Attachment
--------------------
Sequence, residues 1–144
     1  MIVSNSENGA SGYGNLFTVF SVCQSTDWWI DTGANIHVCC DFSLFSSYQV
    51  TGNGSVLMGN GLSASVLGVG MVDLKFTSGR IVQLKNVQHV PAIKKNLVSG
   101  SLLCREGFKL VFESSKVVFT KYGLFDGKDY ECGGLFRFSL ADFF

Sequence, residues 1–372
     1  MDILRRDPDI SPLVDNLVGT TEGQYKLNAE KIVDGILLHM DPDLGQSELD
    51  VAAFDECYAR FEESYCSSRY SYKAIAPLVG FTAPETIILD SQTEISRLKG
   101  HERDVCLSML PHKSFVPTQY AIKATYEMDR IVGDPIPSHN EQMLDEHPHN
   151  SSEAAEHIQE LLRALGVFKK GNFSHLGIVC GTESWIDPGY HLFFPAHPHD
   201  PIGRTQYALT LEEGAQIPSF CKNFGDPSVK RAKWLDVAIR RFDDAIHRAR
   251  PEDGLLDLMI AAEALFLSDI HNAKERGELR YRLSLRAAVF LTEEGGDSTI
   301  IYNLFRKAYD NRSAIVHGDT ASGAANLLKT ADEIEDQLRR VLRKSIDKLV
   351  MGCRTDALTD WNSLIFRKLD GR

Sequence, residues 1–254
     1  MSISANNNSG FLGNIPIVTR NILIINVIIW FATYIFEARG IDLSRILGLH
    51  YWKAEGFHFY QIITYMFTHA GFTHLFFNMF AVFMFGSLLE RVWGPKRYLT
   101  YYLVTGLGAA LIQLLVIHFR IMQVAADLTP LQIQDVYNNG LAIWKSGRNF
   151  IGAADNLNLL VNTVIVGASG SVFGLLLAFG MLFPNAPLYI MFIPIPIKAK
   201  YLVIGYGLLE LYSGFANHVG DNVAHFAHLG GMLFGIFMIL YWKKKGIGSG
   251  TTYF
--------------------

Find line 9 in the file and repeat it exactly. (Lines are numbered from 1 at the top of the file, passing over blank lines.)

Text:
   151  SSEAAEHIQE LLRALGVFKK GNFSHLGIVC GTESWIDPGY HLFFPAHPHD